FAST ZOMBIES 2012

RedCochina said...

Wow. I read Pegg's article and one thing is obvious: He really likes zombies! A lot. I'm glad it didn't sound like he was ripping on 28 Days Later. I loved that movie and was genuinely terrified. Besides, I think you could successfully argue that there weren't any real zombies in it. They didn't die and then rise again. They were living people who were infected with a virus. What I liked about 28DL was that by the end, it really got you thinking about which was worse: the flesh-eating infected masses who killed indiscriminately or non-infected individuals who committed horrible acts of their own free will. But, yeah, I'm overthinking things now. :)

And I've read the Twilight books and heartily agree...sparkly skin? RIDICULOUS!!

agent57 said...

I do agree that fast zombies are more horrifying. My sister and I saw 28 Days Later in the theater, and while we were waiting for the bus afterwards, we were freaking out about something running out of the park right by us and eating us. I think the slow, shuffling zombies are really only scary in large crowds, that you can't force your way through... though, I admit, if they've already died, slow makes a lot more sense.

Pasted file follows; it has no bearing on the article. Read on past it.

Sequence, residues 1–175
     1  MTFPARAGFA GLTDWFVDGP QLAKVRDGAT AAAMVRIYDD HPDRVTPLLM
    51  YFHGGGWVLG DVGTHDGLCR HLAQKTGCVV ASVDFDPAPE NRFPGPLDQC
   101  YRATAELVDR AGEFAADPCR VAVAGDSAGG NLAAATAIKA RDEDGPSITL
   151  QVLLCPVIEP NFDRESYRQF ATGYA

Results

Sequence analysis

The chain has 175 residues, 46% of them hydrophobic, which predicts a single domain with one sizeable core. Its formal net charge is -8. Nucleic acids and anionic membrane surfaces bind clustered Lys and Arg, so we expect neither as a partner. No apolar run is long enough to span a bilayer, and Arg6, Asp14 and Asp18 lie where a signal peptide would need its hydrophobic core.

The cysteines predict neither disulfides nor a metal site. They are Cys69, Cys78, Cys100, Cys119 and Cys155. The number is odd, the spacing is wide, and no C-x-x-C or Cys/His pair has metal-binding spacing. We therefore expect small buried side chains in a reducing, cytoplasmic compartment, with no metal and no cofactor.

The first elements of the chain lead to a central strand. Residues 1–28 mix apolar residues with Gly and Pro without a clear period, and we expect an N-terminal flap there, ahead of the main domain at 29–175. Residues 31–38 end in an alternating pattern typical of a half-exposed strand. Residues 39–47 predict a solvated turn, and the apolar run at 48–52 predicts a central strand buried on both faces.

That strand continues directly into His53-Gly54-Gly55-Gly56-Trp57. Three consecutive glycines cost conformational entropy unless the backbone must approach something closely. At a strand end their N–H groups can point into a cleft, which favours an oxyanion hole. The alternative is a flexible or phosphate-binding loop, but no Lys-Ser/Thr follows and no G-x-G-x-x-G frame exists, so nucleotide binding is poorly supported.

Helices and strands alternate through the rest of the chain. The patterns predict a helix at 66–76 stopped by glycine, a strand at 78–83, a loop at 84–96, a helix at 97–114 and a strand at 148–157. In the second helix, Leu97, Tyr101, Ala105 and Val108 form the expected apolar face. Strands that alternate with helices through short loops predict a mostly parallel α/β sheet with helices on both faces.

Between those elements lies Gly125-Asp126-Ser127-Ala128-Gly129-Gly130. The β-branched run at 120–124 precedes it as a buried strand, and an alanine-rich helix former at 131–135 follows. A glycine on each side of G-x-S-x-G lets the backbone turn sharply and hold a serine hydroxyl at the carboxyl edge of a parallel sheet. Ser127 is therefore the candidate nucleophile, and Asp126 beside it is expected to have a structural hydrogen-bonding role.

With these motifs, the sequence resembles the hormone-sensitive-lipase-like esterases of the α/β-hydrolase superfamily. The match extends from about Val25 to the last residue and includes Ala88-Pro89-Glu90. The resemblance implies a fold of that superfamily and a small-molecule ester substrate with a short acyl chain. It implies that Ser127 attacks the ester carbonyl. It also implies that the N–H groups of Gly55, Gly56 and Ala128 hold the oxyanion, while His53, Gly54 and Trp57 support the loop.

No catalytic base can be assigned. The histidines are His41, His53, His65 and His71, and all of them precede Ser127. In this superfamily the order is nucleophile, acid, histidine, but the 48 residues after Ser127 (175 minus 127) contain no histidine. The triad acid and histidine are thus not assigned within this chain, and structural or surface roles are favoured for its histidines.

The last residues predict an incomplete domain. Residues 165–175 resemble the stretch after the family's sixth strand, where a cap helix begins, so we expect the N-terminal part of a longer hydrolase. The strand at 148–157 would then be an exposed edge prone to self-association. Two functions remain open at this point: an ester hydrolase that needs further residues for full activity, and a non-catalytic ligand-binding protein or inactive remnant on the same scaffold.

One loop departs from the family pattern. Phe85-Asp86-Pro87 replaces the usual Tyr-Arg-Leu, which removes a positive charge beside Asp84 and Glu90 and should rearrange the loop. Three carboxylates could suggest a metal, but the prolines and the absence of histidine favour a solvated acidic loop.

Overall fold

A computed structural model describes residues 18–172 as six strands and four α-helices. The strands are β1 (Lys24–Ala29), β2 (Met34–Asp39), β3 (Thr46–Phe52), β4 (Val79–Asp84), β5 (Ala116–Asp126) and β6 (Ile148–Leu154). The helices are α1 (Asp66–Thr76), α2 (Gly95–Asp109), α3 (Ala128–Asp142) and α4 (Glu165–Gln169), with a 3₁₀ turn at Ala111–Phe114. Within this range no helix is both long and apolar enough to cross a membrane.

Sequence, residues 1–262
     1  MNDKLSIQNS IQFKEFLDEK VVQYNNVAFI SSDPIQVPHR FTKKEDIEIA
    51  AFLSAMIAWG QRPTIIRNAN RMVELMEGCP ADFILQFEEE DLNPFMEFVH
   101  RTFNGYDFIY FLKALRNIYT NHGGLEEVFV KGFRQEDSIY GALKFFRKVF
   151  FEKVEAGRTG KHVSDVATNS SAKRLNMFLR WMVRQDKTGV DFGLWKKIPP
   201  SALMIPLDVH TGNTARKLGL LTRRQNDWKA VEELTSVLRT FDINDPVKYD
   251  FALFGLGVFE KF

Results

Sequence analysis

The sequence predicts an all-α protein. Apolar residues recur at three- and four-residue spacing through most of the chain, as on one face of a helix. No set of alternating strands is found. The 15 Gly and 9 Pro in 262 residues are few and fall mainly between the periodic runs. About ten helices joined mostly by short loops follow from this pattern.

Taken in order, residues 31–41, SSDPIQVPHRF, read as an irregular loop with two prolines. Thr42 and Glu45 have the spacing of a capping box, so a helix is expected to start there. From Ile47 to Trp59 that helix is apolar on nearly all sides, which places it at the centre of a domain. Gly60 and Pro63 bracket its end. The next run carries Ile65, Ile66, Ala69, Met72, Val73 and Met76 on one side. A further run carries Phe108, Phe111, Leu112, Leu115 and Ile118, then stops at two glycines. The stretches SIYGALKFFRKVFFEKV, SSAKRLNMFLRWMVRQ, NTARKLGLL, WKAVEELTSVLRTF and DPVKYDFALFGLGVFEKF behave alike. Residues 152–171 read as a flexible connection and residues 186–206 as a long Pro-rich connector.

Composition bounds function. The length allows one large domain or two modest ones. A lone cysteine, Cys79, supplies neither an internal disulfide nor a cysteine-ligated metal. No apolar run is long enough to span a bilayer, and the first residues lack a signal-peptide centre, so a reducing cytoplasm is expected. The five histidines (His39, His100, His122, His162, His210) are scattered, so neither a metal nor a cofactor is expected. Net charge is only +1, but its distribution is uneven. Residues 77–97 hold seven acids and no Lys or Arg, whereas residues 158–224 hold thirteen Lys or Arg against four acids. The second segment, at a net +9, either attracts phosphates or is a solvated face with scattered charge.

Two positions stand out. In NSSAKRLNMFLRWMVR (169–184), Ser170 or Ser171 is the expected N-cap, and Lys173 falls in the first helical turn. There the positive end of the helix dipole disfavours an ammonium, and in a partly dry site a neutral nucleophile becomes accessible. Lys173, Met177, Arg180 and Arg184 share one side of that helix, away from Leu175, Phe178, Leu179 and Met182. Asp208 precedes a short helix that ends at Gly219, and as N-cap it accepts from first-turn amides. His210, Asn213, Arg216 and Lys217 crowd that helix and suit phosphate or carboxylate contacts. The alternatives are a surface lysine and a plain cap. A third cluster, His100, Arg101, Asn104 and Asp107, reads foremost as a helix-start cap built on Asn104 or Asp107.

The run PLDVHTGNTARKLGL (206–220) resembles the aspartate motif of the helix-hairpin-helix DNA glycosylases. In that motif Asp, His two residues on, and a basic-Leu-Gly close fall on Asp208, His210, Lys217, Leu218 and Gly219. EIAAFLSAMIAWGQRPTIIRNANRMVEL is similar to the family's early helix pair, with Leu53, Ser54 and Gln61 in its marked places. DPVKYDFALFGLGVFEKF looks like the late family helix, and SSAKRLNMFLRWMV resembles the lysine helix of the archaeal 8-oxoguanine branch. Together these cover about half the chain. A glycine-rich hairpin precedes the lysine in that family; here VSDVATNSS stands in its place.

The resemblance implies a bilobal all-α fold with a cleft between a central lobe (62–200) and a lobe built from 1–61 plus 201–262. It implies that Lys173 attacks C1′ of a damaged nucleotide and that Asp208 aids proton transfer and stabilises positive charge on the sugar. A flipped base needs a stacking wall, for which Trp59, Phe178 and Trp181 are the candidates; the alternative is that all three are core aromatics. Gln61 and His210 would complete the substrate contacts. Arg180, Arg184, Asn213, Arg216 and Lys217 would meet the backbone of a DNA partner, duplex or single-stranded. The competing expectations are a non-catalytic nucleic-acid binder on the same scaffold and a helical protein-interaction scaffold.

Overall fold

Tale Singer said...

The thing is that monsters evolve over time, they change with our fears. The vampire we know and love today is not the vampire of traditional folklore, nor the Victorian era. While I am not a huge fan of the fast zombie, I can accept it. I was also resistant to saying that the 28... movie were zombie flicks, as they aren't actually dead, but what else would we call them?

Granted I am writing a thesis on zombie movies, so I have some strong ideas on this.